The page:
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Difference between a broker and sub-broker

Many people, when they refer to a broker, actually mean sub-broker. It’s a common and understandable mistake since sub-brokers do pretty much the same thing as brokers. They buy shares on behalf of their clients on the stock exchanges in exchange for a fee.

The reason why there are brokers and sub-brokers is that only brokers are allowed to trade on the stock exchanges. So any time you want to buy or sell a stock you have to do it through a broker. Since the supply of brokers is somewhat limited, sub-brokers do most of the work of investing people’s money in the stock markets.

So what’s the difference between a broker and sub-broker? Brokers are members of stock exchanges like the National Stock Exchange (NSE) and the Bombay Stock Exchange (BSE). Only these brokers are allowed to trade on the exchanges.

Brokers usually operate large brokerage houses and enlist sub-brokers or franchisees to do the work of acquiring clients and helping them carry out transactions on the stock exchange. The brokers provide the brand name, infrastructure, technical, and marketing support to the sub-brokers. For example, Angel Broking provides facilities like digital marketing, business dashboard, business consultancy, client servicing support, and so on to its sub-brokers.

Another difference between a broker and sub-broker is how they earn money. The latter work on commission which is a percentage of the brokerage that is charged by brokers to carry out transactions on the stock exchange. Generally, brokers are generous with the commissions since the stockbrokers do most of the hard work of acquiring clients and persuading them to purchase shares.

Of course, shares are not the only products that are offered by brokers and sub-brokers. For example, Angel Broking offers stocks, mutual funds, commodity trading, and derivatives like futures and options. As these markets grow in size, and the potential from making profits from them grows, the proportion will only increase.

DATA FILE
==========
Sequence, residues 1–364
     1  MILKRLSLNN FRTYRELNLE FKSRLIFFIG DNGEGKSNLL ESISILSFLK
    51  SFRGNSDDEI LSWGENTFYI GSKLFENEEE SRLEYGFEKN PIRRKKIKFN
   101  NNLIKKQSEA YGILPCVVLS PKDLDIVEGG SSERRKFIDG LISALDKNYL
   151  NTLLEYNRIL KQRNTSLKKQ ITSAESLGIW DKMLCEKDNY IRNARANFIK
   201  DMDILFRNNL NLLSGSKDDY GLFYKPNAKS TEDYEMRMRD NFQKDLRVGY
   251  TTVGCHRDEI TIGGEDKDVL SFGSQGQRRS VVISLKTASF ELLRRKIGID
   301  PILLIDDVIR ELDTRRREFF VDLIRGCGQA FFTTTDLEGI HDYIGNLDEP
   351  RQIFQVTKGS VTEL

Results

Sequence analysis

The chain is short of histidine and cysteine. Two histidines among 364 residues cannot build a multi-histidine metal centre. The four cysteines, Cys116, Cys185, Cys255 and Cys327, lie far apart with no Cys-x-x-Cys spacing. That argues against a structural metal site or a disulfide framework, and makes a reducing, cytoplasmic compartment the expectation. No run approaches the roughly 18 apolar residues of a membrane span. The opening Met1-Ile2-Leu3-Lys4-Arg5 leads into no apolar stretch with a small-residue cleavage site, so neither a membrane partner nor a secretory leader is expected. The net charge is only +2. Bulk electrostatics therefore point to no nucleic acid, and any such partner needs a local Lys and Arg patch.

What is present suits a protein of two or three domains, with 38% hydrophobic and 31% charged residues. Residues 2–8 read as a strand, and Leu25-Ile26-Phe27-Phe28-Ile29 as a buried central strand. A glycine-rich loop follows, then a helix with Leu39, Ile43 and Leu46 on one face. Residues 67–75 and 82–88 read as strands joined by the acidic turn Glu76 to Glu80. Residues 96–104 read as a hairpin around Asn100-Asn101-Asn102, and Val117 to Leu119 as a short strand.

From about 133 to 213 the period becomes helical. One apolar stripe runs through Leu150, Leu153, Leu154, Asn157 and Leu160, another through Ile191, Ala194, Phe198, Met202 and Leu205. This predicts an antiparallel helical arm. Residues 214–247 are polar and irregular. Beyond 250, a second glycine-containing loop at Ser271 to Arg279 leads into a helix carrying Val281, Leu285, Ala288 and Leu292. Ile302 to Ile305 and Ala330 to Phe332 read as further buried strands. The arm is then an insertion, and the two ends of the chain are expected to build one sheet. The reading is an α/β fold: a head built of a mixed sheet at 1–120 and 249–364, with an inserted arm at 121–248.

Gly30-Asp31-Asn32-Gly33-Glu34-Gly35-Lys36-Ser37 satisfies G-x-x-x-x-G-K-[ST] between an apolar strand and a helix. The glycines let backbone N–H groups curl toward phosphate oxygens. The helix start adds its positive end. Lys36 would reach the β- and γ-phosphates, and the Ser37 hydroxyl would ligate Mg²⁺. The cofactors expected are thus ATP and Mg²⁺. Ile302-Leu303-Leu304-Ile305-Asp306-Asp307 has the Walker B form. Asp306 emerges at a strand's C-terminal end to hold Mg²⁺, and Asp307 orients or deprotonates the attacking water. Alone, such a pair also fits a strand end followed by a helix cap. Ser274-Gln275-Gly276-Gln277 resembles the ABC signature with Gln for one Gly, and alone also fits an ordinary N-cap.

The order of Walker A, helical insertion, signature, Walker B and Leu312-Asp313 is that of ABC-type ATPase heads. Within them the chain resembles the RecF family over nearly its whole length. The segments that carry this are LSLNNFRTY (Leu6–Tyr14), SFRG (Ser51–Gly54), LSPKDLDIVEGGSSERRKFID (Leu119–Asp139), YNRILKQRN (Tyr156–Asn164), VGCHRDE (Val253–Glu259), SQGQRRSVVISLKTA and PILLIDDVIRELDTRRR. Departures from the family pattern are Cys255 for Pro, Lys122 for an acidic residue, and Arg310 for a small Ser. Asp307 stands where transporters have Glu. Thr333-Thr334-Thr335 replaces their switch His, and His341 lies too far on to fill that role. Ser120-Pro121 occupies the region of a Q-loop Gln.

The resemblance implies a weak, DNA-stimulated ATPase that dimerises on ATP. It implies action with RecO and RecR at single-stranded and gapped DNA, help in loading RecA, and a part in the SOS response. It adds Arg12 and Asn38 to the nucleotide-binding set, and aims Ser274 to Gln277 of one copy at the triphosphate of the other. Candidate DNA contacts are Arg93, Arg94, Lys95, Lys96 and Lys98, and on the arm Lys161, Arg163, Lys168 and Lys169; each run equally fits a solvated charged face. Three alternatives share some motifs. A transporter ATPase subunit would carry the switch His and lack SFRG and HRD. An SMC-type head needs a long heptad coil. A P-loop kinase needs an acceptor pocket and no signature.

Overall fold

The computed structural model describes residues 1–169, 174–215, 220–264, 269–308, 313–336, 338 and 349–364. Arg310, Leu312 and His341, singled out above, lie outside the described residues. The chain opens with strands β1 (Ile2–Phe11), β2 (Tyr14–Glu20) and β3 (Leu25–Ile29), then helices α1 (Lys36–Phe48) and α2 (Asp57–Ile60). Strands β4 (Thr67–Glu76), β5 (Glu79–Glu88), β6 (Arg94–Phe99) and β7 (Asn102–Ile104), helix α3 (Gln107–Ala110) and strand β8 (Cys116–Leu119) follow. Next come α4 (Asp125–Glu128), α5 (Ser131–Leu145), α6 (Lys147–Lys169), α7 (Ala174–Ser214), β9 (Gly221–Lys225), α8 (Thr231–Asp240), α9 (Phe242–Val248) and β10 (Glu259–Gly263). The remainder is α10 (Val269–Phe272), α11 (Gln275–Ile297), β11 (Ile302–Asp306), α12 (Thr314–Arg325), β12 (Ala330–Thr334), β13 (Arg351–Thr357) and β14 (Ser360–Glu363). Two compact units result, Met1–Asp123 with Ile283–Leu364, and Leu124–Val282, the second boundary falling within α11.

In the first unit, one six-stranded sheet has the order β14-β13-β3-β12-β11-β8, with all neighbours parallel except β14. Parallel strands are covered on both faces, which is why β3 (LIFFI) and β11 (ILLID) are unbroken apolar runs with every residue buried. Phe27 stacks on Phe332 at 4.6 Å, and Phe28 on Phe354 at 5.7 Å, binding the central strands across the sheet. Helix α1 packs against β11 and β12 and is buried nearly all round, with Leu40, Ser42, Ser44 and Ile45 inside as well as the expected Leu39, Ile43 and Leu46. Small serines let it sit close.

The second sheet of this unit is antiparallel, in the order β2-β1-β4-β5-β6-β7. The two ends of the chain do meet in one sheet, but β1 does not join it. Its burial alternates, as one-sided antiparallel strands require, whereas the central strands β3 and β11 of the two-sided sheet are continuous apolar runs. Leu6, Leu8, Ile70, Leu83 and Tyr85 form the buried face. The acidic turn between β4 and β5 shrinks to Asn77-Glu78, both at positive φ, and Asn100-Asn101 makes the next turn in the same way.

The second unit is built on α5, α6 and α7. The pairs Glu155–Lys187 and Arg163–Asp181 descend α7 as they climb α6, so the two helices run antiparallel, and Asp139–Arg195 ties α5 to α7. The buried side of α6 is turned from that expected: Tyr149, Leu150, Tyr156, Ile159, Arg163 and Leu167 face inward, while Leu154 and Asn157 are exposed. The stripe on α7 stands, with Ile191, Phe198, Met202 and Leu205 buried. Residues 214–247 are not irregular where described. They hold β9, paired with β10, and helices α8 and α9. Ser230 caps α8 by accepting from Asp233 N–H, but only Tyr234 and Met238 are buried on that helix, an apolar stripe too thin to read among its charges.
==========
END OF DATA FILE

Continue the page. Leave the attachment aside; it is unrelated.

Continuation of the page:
Advantages of being a stockbroker

  • Only stockbrokers are allowed to trade on the stock exchanges, so this gives them a monopoly over share transactions.
  • Stockbrokers are independent entities not answerable to anyone, except to exchange and regulatory bodies like the Securities & Exchange Board of India (SEBI). There's no direct involvement by SEBI unless there's a legal violation.
  • Brokers are in a position to fix brokerage charges for their clients.
  • Most brokerage houses have trained personnel and IT infrastructure that enables them to take full advantage of stock market movements.
  • Brokers can appoint sub-brokers at their discretion. The larger the number, the higher the potential profits.

Advantages of being a sub-broker

  • A sub-broker does not need to become a member of the exchange and meet minimum net worth requirements and pay a fee.
  • While sub-brokers are answerable to the brokers, the latter do not generally interfere in their functioning. To the contrary, broking houses like Angel Broking are supportive of sub-brokers and offer infrastructure and support for client acquisition, developing the business, and so on.
  • Sub-brokers do not have to invest large sums building an infrastructure and a brand from scratch. All they need is the initial refundable deposit and the expenses involved in setting up an office, hiring staff etc.
  • Since entry barriers are low, virtually anyone can become a sub-broker. All it takes is some knowledge of stocks and financial markets, and drive.

Conclusion

To conclude, the difference between a broker and sub-broker doesn’t matter to an ordinary investor. All that matters is that the entity he or she is dealing with is reliable, offers sound advice, and carries out transactions quickly and efficiently. Of course, the brand of the broker the sub-broker is working under matters. A brand like Angel Broking, for example, will inspire confidence among investors.

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